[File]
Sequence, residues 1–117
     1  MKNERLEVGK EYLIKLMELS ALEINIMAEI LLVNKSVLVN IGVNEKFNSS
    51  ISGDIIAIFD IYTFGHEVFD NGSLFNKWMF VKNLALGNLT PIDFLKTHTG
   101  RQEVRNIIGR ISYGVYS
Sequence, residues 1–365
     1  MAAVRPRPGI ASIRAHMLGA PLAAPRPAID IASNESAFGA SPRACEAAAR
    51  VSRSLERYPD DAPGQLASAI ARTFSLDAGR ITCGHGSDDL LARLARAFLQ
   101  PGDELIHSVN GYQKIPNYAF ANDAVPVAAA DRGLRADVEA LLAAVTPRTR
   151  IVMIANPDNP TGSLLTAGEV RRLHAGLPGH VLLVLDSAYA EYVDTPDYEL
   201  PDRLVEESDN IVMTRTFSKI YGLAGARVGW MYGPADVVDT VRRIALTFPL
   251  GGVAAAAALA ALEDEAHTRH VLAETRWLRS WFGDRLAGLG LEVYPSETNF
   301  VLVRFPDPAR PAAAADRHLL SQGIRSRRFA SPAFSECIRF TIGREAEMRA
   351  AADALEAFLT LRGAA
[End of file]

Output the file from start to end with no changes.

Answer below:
Sequence, residues 1–117
     1  MKNERLEVGK EYLIKLMELS ALEINIMAEI LLVNKSVLVN IGVNEKFNSS
    51  ISGDIIAIFD IYTFGHEVFD NGSLFNKWMF VKNLALGNLT PIDFLKTHTG
   101  RQEVRNIIGR ISYGVYS
Sequence, residues 1–365
     1  MAAVRPRPGI ASIRAHMLGA PLAAPRPAID IASNESAFGA SPRACEAAAR
    51  VSRSLERYPD DAPGQLASAI ARTFSLDAGR ITCGHGSDDL LARLARAFLQ
   101  PGDELIHSVN GYQKIPNYAF ANDAVPVAAA DRGLRADVEA LLAAVTPRTR
   151  IVMIANPDNP TGSLLTAGEV RRLHAGLPGH VLLVLDSAYA EYVDTPDYEL
   201  PDRLVEESDN IVMTRTFSKI YGLAGARVGW MYGPADVVDT VRRIALTFPL
   251  GGVAAAAALA ALEDEAHTRH VLAETRWLRS WFGDRLAGLG LEVYPSETNF
   301  VLVRFPDPAR PAAAADRHLL SQGIRSRRFA SPAFSECIRF TIGREAEMRA
   351  AADALEAFLT LRGAA